“Jim Flaherty delivered his eighth budget at a time when the federal government’s track record on the environment and climate change is under heightened scrutiny, and when the cuts to environmental protection contained in last year’s budget bills are starting to take effect.
“The big picture from Budget 2013 is that the federal government largely missed an opportunity to invest in the clean energy transition we need to make to reduce greenhouse gas pollution and to compete globally. Indeed, the 433-page budget plan fails to mention climate change even once.
“In a letter to his caucus colleagues, Finance Minister Jim Flaherty committed to use this budget to support ‘high-quality, value-added jobs in important sectors of Canada’s economy.’
“The trillion-dollar global clean energy economy creates exactly those kind of jobs.
“Today’s budget could have pushed Canada into a leadership role in this critical sector. Unfortunately, the federal government chose to largely ignore the promise of clean energy, offering just one new tax credit whose value is estimated at a tiny $1 million over two years.
“The budget provides a lifeline to support clean technology research and development with an investment of $325 million over eight years in Sustainable Development Technology Canada. It’s less than half the investment level recommended by a coalition of environmental groups, including the Pembina Institute, but this long-term commitment is still good news for the more than 700 clean technology companies that Analytica Advisors estimates are operating in Canada today.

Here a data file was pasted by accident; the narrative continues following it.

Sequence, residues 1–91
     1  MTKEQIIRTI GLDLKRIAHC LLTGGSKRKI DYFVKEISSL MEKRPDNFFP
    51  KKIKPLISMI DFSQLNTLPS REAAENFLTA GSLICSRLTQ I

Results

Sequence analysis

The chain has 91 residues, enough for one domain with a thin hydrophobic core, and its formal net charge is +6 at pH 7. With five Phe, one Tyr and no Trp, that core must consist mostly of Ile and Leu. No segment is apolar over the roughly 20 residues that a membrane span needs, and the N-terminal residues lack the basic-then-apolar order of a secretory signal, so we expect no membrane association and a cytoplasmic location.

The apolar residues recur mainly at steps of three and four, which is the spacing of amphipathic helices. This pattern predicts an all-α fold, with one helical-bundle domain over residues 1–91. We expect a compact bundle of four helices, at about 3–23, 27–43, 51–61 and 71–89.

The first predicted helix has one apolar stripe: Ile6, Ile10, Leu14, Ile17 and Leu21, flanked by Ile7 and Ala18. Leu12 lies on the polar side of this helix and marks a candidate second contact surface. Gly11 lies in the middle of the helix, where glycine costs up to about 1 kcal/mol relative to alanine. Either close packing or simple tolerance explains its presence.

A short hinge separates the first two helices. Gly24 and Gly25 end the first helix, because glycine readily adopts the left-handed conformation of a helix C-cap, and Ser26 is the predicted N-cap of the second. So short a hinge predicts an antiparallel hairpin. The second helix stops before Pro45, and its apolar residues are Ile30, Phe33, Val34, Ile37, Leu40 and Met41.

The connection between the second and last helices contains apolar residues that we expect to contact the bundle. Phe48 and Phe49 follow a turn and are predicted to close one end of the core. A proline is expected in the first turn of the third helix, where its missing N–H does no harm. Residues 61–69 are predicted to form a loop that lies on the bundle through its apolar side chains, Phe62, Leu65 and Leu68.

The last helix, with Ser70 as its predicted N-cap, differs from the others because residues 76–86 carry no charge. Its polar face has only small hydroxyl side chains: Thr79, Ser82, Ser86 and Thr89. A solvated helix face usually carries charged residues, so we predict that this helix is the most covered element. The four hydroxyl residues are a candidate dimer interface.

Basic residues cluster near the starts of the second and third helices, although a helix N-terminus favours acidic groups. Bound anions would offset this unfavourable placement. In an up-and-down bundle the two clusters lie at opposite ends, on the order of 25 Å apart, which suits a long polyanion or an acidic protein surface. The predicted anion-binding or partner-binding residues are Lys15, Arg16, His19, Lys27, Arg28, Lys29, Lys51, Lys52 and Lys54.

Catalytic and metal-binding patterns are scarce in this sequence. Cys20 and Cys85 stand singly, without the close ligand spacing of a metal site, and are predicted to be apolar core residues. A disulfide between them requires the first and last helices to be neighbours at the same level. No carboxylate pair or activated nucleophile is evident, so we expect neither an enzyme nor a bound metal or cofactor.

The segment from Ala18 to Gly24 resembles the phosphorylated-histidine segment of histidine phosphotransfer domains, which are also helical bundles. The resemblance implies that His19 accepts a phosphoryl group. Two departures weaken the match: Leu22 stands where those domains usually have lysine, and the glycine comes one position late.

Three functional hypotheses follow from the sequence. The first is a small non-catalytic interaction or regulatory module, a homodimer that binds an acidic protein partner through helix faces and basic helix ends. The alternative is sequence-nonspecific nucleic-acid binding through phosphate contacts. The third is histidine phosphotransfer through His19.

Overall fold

Fossil Fuel Subsidies
“Any action to cut tax breaks for fossil fuel producers is worthwhile, and Budget 2013 contains two commitments in that area, both for the mining sector.
“But because these tax breaks are being phased out gradually, the two subsidy reductions are forecast to save Canadians just $35 million by 2017. In contrast, the government’s decision to renew a tax credit for mining exploration will cost Canadians $100 million this year.
Public Transit Investment
“Improving Canada’s public transit systems would reduce greenhouse gas pollution and save Canadian commuters hundreds of dollars a year. Today’s budget made a number of new infrastructure commitments that include public transit as a potential use of the funds, but it does not carve out funds for public transit specifically. It remains to be seen whether the federal government, along with provinces and municipalities, will make public transit a priority in investing these funds over the years to come.
“Today’s budget did almost nothing to get Canada on track to hit its 2020 greenhouse gas reduction target, and took few steps towards more responsible development of our natural resources. The budget was also silent on Canada’s obligation to provide support to poorer countries to reduce their own greenhouse gas emissions and adapt to the consequences of climate change.”